J. Alvarez Argote1, C. Burbano1, M.P. Gagnon2, M. Cauchon2, J. Asua3, M. Labrecque2

1Universidad del Valle (COLOMBIA)
2Université Laval (CANADA)
3Health Technology Assessment Program (SPAIN)
Laval University has offered since 2002 an online course called the Infocritique which consist in several interactive self-learning modules that aim to facilitate and enhance learning of Evidence-Based Medicine skills, on the following topics: 1) Web information retrieval strategies, 2) new drug/intervention evaluation and optimisation of the physician - drug representative encounter, 3) appraisal of review articles, 4) appraisal of clinical practice guidelines, and 5) clinical diagnostic strategies and appraisal of articles on diagnostic test. Each module proposes various educational tools: theoretical concepts, clinical scenarios, critical appraisal worksheets, appraisal exercises with interactive feedback, post-test evaluation, hyperlinks with relevant Internet resources, and a glossary. The Modules are offered to workers in Family Medicine and Emergency Medicine, Nursing, Reproduction health, Physical therapy, and Alternative and Complementary Medicine. The clinicians that accomplish the modules receive evaluation and feedback from University Professors of Laval University.

To extend its reach to Spanish speaking countries, Laval University offered two research grants to the Universidad del Valle (Cali, Colombia) to adapt to Spanish the modules. One of the grants was offered for the Medicine Program and the other one for the Nursing Program. The adaptation is focused on health problems that are more prevalent and relevant in Latin-America and Spain, without losing the general perspective for every clinician. It was meant also to keep an international style so that the modules could be tried in all Spanish speaking countries.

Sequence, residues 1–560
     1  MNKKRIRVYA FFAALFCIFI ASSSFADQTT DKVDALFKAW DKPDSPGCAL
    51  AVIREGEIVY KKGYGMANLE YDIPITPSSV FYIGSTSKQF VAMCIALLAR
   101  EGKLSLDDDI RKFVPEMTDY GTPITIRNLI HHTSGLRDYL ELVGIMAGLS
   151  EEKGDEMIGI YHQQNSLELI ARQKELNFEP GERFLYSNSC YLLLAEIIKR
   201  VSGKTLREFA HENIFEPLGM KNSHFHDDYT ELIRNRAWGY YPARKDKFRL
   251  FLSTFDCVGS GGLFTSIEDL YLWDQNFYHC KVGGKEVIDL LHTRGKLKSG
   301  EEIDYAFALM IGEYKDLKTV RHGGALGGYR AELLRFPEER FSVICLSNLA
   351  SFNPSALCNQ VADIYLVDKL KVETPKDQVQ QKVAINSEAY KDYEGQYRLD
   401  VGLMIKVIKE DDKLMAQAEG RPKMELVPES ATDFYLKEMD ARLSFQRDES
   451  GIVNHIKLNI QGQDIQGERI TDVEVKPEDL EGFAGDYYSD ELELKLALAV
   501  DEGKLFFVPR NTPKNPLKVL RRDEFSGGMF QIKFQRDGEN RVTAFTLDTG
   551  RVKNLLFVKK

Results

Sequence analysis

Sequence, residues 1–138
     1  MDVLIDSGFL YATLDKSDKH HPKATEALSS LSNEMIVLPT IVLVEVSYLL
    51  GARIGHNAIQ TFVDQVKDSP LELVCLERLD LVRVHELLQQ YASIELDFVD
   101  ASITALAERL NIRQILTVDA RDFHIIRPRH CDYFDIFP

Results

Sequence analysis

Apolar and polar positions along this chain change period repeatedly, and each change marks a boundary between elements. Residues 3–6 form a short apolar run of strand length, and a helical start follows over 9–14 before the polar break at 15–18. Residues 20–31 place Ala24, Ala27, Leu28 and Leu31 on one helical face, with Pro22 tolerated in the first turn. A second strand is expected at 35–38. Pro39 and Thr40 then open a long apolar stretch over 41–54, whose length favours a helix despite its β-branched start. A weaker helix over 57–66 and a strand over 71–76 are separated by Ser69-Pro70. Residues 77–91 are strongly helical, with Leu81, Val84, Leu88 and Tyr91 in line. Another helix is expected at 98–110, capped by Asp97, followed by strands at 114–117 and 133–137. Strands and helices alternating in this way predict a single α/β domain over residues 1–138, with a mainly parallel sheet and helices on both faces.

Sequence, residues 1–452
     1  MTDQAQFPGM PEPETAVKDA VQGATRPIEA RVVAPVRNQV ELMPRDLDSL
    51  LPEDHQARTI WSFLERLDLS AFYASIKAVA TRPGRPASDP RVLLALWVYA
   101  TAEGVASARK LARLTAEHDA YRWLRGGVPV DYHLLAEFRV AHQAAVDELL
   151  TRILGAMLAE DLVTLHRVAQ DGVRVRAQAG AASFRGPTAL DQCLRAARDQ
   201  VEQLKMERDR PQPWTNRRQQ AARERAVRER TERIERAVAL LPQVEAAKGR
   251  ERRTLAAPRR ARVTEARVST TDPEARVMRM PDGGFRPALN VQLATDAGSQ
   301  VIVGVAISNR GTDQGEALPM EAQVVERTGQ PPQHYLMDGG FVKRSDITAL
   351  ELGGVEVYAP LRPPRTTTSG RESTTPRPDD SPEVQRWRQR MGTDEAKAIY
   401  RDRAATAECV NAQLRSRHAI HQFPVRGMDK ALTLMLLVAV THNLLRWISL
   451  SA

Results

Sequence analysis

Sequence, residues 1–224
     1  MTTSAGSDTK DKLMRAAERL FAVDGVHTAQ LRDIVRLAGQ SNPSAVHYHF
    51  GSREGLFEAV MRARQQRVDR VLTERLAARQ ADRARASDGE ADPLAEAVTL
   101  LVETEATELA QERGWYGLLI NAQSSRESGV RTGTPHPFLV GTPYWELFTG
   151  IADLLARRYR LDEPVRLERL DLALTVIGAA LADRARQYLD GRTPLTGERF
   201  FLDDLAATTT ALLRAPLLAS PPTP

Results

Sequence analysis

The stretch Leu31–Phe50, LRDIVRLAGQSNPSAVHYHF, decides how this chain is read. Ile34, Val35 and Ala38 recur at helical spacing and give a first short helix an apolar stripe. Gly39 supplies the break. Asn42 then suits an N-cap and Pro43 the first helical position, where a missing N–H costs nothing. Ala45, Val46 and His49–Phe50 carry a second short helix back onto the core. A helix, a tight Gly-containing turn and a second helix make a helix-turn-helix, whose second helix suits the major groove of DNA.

To assess the feasibility of implementing in Latin America and Spain the modules, an evaluation of one of the modules was proposed. That module would be completely adapted to Spanish, and then evaluated by various universities in Mexico, Spain and Colombia. Actually, these modules are also part of the academic curriculum various postgraduate programs of Laval University, and probably implementing this feature in Latin America and Spain is going to be one of the points to estimate in this first evaluation.

The first module, Therapy, shows how to search the appropriate information after defining a specific question about a treatment. As with every module, this begins with some basic knowledge, in this case about the types of studies, and clinical and statistical significance. To this follows an exercise in which a clinical case was exposed and in which a critical analysis of a randomized clinical trial is imperative to decide the management to follow. To this follows an evaluation test, and finally, an appreciation form is stood, which is used as feedback for the authors.

The application of this project can be of great benefit to the knowledge transfer process implemented in Spanish speaking countries. The modules let acquire knowledge on Evidenced Based Medicine to be applied to clinical practice by clinicians. It will increase the education accessibility by giving the opportunity of studying without the need of being in an institution for full time. In the future, new modules can be created according to the demands of the educational environment in which the modules are implemented, meaning that this project can be adapted to health workers from different health areas.